"Sharewhere" and other developments

Between designing and facilitating usability tests, bugging people about late content and creating wireframes, here it is July already and I haven't had much time to post. Not that there haven't been incredible developments out there in Digitaland. The iPhone alone is using lots of bandwidth on several discussion boards.

As Bill Buxton points out in his new book, "Sketching the User Experience", so much of this technology that's only now coming to market has been in development for many years.

Had some folks from the Microsoft Research Group give a presentation a couple of years ago on what is now a real product – Microsoft Surface.

Being kind of a late-adopter and sometime Luddite, I'm not standing in line for the iPhone, although I've been a faithful Mac user since the IIe. Recently bought a Lenovo laptop to work in the Windows environment with Visio and have been pleasantly surprised with both the hardware and software. Still on XP though.

This YouTube Video caught my eye mostly for the GPS integration. I've been using GPS for at-sea navigation for years and it's interesting to see it migrating to the mobile space and seemingly everywhere these days.

Thanks to the folks at the University of Kansas (where they also offer an Interaction Design degree program)


Friday, April 27, 2007

"Magic Ink"

Came across a thought-provoking paper titled "Magic Ink", on the IxDA discussion board the by Bret Victor, a California based programmer, designer and visionary.

Although not a graphic designer by training, he makes an interesting case for interaction being more of a graphic design problem than merely a path for the user toward a specified goal.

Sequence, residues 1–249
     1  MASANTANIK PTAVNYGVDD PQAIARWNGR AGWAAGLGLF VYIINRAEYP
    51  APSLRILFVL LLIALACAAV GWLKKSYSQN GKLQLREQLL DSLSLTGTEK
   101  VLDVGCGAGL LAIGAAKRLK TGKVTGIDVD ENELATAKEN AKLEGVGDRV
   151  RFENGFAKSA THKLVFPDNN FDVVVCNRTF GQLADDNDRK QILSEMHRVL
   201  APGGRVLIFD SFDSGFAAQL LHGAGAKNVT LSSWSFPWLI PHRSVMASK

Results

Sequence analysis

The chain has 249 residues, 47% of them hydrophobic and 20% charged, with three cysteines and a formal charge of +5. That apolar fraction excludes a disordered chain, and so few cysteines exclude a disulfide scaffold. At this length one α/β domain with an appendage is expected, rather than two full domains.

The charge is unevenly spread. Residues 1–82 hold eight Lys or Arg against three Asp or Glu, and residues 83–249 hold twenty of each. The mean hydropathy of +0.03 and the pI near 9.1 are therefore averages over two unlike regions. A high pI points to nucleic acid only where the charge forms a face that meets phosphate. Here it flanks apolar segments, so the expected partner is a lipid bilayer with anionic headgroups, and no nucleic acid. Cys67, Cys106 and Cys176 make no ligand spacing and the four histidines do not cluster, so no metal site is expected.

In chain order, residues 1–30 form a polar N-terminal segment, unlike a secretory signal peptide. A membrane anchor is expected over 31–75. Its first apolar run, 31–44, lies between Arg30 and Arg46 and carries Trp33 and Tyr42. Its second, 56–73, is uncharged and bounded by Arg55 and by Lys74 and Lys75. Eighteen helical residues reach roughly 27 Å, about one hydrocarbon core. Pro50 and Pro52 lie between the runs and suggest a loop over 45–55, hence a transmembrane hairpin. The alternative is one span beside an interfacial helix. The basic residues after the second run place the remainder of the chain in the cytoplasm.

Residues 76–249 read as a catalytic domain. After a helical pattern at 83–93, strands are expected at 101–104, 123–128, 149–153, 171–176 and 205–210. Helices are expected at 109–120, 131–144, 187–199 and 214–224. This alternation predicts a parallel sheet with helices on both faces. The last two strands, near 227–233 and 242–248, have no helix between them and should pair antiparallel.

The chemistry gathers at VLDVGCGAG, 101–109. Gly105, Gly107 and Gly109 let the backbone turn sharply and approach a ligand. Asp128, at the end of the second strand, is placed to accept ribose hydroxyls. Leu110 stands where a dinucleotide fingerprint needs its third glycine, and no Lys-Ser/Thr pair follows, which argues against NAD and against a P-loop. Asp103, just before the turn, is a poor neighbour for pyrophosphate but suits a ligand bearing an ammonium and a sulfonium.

I've always felt we humans were capable of absorbing and deciphering much more information than was previously thought. Brain research seems to be confirming this. Victor gives some good examples of this in some of his redesigns that use information graphics ala Tufte, rather than interaction to communicate.

That pixels are "magic ink" really struck a chord with me. A good read!

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Friday, February 23, 2007

User interface support for a multitasking workforce

Another informative presentation last night by Dr. Mary Czerwinski of Microsoft Research, sponsored by our local Puget Sound SIGCHI.

Personally, multitasking is a subject I find compelling, especially as it relates to running a small business. Somehow, I'm able to keep a lot of small details relating to projects I'm working on in my head and prioritize them. It often seems that other people on the team have a much harder time doing that. It's as if they can only keep one thing in their register stack at a time. Seems personality type has a lot to do with it, according to the Myers-Briggs intelligence types.

The question then becomes one of learning style, hard wiring in the brain, adaptability or some other yet-to-be discovered factor. How to design an interface that works for everyone?

Dr. Czerwinski presented some interesting videos of how her group's interface design templates worked for controlling the way multiple windows are displayed and manipulated.

But her answer to a question I posed about whether certain people are better at multitasking than others opened a whole new set of questions about how all this is changing the way we function in the world. She mentioned that that younger people in her study were comfortable writing code while listening to music and text message at the same time - with a possible slight drop in IQ.

My kids do the same. Well, maybe not the code writing. I'm amazed to walk into my son's room to find him reading a textbook, chatting online with classmates, checking his mySpace page, emailing, listening to music, watching TV and scratching the dog behind the ear - and still get good grades.

Is all this multitasking the cause of so much ADD/ADHD or a symptom? Then there's the research on how playing certain video games make for better laproscopic surgeons, as heard the other day on NPR.

The message is about how we can help people be in control - of their tasks, time, access and lives.

I've been impressed with the quality and scope of research going on at Microsoft, and appreciate the effort of folks like Dr. Czerwinski to create user interface systems that make life a little less frustrating for all of us information workers.